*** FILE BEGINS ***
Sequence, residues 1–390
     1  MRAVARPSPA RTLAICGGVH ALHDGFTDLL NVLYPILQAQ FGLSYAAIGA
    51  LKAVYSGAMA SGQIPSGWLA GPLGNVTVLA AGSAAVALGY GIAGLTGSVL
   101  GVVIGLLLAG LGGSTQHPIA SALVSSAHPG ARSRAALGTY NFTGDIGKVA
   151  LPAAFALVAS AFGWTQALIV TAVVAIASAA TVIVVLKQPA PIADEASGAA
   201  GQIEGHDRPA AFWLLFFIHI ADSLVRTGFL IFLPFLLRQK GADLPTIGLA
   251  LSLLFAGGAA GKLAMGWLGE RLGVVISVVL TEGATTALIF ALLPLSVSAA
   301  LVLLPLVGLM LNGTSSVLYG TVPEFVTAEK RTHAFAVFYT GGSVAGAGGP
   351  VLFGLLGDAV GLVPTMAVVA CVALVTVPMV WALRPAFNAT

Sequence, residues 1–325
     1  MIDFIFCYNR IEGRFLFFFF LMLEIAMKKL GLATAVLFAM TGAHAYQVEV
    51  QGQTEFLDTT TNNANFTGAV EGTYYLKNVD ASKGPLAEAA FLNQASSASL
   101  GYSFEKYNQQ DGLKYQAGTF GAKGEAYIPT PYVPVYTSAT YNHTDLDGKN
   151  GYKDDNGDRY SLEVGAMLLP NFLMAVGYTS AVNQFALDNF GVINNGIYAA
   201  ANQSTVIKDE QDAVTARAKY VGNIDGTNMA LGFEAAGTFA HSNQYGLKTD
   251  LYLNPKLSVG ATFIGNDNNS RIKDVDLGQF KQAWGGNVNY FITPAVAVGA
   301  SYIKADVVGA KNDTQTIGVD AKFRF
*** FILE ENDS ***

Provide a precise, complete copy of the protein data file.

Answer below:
Sequence, residues 1–390
     1  MRAVARPSPA RTLAICGGVH ALHDGFTDLL NVLYPILQAQ FGLSYAAIGA
    51  LKAVYSGAMA SGQIPSGWLA GPLGNVTVLA AGSAAVALGY GIAGLTGSVL
   101  GVVIGLLLAG LGGSTQHPIA SALVSSAHPG ARSRAALGTY NFTGDIGKVA
   151  LPAAFALVAS AFGWTQALIV TAVVAIASAA TVIVVLKQPA PIADEASGAA
   201  GQIEGHDRPA AFWLLFFIHI ADSLVRTGFL IFLPFLLRQK GADLPTIGLA
   251  LSLLFAGGAA GKLAMGWLGE RLGVVISVVL TEGATTALIF ALLPLSVSAA
   301  LVLLPLVGLM LNGTSSVLYG TVPEFVTAEK RTHAFAVFYT GGSVAGAGGP
   351  VLFGLLGDAV GLVPTMAVVA CVALVTVPMV WALRPAFNAT

Sequence, residues 1–325
     1  MIDFIFCYNR IEGRFLFFFF LMLEIAMKKL GLATAVLFAM TGAHAYQVEV
    51  QGQTEFLDTT TNNANFTGAV EGTYYLKNVD ASKGPLAEAA FLNQASSASL
   101  GYSFEKYNQQ DGLKYQAGTF GAKGEAYIPT PYVPVYTSAT YNHTDLDGKN
   151  GYKDDNGDRY SLEVGAMLLP NFLMAVGYTS AVNQFALDNF GVINNGIYAA
   201  ANQSTVIKDE QDAVTARAKY VGNIDGTNMA LGFEAAGTFA HSNQYGLKTD
   251  LYLNPKLSVG ATFIGNDNNS RIKDVDLGQF KQAWGGNVNY FITPAVAVGA
   301  SYIKADVVGA KNDTQTIGVD AKFRF